Obsessed with technology?
Subscribe to the latest tech news as well as exciting promotions from us and our partners!
By subscribing, you indicate that you have read & understood the SPH's Privacy Policy and PDPA Statement.
News
News Categories

Intel reveals plans for a prototype 14nm discrete GPU

By Koh Wanzi - on 21 Feb 2018, 10:55am

Intel reveals plans for a prototype 14nm discrete GPU

Intel unveiled plans for its first discrete GPU at the IEEE International Solid State Circuits Conference last week. The prototype chip would be built on Intel’s 14nm process and feature 1.5 billion transistors and modest clock speeds, which suggests a focus on efficiency over raw power.

According to Notebook Check, the clock speeds range between 50MHz and 400MHz, so it’s definitely nowhere close to competing with cards from AMD or NVIDIA just yet. However, with the launch of AMD’s Raven Ridge APUs and the upcoming Kaby Lake G processors, Intel may be targeting the entry-level gaming market with slightly better performance than the on-chip Vega graphics provide.

Image Source: PC Watch

The prototype chip is still in its early stages, but slides released by PC Watch, a Japanese tech site, shows two main chips in the GPU. One contains the execution units (EUs) and a system agent, while the other contains a field-programmable gate array (FPGA) that connects to the host PC via a PCIe interface.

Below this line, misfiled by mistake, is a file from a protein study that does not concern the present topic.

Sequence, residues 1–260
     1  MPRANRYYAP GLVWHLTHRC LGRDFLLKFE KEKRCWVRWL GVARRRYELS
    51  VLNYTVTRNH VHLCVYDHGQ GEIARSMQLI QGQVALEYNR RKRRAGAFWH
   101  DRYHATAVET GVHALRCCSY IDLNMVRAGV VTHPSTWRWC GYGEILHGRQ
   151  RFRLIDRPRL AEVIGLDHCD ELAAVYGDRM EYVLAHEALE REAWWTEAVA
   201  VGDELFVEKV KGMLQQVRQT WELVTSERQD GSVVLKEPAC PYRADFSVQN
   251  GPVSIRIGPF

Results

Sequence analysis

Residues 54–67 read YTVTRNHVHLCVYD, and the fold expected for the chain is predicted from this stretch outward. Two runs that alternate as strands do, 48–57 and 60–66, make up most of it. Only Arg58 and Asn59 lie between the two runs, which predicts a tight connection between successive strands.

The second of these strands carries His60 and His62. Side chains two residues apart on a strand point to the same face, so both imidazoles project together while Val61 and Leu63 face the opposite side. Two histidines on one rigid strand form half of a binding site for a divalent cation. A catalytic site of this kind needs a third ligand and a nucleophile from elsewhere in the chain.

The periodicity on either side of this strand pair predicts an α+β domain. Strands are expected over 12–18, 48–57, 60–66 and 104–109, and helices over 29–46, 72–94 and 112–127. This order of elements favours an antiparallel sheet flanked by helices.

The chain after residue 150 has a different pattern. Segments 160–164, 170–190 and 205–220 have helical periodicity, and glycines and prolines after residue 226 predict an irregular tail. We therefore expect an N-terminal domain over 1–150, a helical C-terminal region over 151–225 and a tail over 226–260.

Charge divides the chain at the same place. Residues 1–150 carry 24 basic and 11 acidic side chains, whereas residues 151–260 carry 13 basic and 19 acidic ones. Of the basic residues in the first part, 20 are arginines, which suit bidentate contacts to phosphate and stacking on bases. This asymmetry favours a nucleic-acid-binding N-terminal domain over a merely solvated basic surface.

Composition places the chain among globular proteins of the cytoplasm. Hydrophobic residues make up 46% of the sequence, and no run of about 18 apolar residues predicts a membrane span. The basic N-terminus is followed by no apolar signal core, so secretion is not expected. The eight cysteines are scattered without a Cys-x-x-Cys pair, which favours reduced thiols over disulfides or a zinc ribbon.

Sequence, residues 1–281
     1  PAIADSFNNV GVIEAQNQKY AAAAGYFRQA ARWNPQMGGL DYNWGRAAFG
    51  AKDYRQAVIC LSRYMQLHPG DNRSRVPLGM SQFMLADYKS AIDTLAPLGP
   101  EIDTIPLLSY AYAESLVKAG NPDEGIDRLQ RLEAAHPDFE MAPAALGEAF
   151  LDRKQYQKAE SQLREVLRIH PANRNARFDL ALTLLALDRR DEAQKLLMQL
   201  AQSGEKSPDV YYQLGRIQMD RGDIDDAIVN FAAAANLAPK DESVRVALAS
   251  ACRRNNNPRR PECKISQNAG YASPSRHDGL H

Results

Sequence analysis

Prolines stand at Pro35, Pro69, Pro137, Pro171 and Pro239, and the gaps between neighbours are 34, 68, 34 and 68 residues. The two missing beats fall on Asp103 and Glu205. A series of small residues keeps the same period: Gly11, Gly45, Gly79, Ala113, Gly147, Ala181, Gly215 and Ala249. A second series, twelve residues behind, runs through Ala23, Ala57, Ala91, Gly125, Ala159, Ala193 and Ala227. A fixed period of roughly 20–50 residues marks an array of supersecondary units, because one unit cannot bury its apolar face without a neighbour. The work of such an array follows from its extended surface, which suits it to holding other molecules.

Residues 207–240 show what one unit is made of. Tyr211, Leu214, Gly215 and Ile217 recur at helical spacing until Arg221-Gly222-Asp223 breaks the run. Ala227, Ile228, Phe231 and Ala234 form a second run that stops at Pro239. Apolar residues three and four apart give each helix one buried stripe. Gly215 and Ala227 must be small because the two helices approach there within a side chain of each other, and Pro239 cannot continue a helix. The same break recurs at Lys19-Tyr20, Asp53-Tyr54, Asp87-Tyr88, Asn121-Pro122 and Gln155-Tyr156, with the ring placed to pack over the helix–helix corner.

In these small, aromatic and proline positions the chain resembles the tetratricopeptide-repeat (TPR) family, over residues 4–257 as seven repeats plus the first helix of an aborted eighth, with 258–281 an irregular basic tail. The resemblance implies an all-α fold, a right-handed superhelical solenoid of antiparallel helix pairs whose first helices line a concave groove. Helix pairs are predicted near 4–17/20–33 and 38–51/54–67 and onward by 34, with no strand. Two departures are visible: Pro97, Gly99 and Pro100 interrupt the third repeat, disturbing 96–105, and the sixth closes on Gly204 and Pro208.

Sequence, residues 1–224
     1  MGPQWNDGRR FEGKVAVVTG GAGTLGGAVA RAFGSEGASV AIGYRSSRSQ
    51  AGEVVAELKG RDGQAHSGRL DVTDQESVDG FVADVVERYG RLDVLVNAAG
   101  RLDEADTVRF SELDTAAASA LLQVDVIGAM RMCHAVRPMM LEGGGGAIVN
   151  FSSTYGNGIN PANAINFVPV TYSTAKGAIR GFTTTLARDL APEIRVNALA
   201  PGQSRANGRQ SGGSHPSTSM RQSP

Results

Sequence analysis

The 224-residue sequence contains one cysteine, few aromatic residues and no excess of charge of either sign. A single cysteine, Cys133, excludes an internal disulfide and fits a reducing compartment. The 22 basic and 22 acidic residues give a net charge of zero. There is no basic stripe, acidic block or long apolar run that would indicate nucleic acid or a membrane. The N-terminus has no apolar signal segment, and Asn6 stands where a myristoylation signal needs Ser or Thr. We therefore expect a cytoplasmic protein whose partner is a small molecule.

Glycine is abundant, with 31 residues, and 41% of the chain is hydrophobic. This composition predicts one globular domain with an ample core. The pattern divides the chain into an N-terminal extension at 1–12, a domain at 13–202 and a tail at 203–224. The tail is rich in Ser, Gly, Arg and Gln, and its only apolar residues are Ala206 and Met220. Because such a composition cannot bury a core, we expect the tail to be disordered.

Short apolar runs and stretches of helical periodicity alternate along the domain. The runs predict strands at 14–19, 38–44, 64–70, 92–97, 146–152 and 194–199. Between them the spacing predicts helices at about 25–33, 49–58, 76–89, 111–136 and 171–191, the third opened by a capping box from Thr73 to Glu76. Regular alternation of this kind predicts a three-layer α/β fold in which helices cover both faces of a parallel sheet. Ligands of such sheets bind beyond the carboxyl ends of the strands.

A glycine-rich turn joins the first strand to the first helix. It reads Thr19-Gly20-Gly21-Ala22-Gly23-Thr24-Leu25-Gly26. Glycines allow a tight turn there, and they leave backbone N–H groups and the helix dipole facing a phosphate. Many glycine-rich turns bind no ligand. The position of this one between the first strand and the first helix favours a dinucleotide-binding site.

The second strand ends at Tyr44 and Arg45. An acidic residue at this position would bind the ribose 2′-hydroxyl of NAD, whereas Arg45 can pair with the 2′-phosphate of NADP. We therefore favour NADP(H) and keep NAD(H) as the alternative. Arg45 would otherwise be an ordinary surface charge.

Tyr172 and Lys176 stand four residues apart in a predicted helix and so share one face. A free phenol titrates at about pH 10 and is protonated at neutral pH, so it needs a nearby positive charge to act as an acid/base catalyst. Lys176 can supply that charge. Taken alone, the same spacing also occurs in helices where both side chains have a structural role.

Image Source: PC Watch

It uses Intel’s 9th-generation graphics architecture (not the same as the 9th-generation Ice Lake chips), which is already used in its integrated graphics offerings like the Intel HD Graphics 510 and Intel Iris Pro Graphics P580.

According to the slides, Intel also wants to enable the dynamic use of GPU resources, where frequency, voltage control, and power gating can be regulated on-the-fly. 

Image Source: PC Watch

That said, this is still a prototype design, so any of these specifications could end up changing. 

Raja Koduri left his job as the head of AMD’s Radeon Technologies Group (RTG) to join Intel in December to oversee its GPU business, including discrete GPUs. While it’s probably too early for Koduri to have had a big influence on the GPU design, these early plans are another sign that Intel is committed to expanding its footprint in the graphics market.

Source: PC Watch via Notebook Check

Loading...